Reports indicate that as early as 2737 B.C.E., the emperor Shen Neng of China was prescribing marijuana tea to treat gout, rheumatism, malaria and poor memory. The drug’s popularity as a medicine spread throughout Asia, Africa and later the Middle East.
Hashish has been smoked in the Middle East for centuries, Mechoulam notes, and the use of marijuana and hashish is very common among today’s Israeli youth. But the synthetic products are much more effective as medicine, Mechoulam says.
“The problem of medical marijuana and hashish in its pure form is that although it is a good drug in certain diseases, it cannot be used clinically because a patient may get a different concoction every time one inhales,” he says.
Mechoulam rarely uses the raw material in his research today. He prefers to study endocannabinoids, which are cannabinoids that occur naturally in the bodies of humans and animals.
His most recent source of pride is doctoral student, Natalya Kogan, 25, who has developed a cannabinoid derivative that shows promise in fighting cancer by befuddling cancer cells’ genetic material, leading to cell starvation.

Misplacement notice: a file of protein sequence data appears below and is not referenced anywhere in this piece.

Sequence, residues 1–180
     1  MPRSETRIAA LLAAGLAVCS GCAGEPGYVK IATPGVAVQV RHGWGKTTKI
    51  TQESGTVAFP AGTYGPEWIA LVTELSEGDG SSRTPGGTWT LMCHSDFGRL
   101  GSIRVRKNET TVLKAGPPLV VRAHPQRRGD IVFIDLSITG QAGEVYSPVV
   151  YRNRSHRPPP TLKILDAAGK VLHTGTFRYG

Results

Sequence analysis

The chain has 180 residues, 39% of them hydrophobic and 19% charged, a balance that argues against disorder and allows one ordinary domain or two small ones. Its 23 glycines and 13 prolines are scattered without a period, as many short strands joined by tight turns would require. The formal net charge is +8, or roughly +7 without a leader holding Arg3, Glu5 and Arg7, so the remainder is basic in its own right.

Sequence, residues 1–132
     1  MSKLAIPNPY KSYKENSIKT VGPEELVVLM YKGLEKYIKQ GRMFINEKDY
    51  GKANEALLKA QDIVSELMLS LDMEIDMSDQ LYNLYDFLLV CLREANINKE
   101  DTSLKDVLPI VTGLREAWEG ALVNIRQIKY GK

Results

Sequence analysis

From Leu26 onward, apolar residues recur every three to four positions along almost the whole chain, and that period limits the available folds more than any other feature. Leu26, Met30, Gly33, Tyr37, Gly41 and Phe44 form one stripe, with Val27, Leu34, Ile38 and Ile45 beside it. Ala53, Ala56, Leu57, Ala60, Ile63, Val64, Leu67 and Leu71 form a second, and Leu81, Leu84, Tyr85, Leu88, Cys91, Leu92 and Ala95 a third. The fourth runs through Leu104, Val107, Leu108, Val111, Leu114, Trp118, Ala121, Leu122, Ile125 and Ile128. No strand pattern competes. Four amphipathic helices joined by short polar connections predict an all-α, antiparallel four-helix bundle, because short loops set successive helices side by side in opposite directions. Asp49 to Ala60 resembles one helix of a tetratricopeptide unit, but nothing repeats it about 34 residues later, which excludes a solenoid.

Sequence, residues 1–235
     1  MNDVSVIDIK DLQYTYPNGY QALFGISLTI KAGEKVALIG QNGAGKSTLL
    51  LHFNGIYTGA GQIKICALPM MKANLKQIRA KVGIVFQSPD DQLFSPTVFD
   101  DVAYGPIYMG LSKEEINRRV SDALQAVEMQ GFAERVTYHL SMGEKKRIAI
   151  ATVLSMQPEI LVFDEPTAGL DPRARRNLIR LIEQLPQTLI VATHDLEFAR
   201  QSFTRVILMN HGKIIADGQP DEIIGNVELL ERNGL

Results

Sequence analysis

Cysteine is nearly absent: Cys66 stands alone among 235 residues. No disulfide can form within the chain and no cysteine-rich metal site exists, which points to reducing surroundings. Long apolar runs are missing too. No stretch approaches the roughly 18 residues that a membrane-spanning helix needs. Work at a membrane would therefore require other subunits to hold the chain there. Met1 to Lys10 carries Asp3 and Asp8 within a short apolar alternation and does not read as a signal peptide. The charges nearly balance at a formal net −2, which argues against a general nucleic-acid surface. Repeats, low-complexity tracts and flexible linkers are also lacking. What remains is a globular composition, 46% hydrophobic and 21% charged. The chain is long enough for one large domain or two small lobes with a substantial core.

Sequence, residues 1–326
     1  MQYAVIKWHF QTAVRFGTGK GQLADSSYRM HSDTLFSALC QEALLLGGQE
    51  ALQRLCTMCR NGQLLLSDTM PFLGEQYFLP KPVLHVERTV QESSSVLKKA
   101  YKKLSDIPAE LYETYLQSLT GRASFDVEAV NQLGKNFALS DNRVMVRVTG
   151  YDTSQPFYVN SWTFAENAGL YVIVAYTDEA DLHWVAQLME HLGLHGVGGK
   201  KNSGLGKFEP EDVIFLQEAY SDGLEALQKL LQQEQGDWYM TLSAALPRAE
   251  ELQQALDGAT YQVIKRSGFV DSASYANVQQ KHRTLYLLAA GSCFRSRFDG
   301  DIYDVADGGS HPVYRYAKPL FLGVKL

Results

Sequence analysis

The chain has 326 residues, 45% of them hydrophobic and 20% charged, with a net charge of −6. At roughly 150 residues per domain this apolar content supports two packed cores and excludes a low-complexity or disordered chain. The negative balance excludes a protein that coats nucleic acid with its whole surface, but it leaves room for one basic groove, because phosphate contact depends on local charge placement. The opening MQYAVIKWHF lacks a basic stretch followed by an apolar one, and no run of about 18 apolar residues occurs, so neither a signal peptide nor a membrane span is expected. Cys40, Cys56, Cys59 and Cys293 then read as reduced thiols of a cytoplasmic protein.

Kogan, who works under Mechoulam at Hebrew U.’s School of Pharmacy, received a Kaye Innovation Award in June, an annual award for innovative research in Israel. Ironically, her prize was given within a week of the U.S. Supreme Court’s decision outlawing medical marijuana.
The ruling did little to deter the researchers who met in Tampa. Musty, the professor from Vermont, says the society takes no official stance on medical marijuana.
“Any scientist that belongs to our society can voice a personal opinion,” he says, “but in the medical applications of cannabis, most people would support that a non-smoked format would be the best way to go.”
The Archive of the Jewish Telegraphic Agency includes articles published from 1923 to 2008. Archive stories reflect the journalistic standards and practices of the time they were published.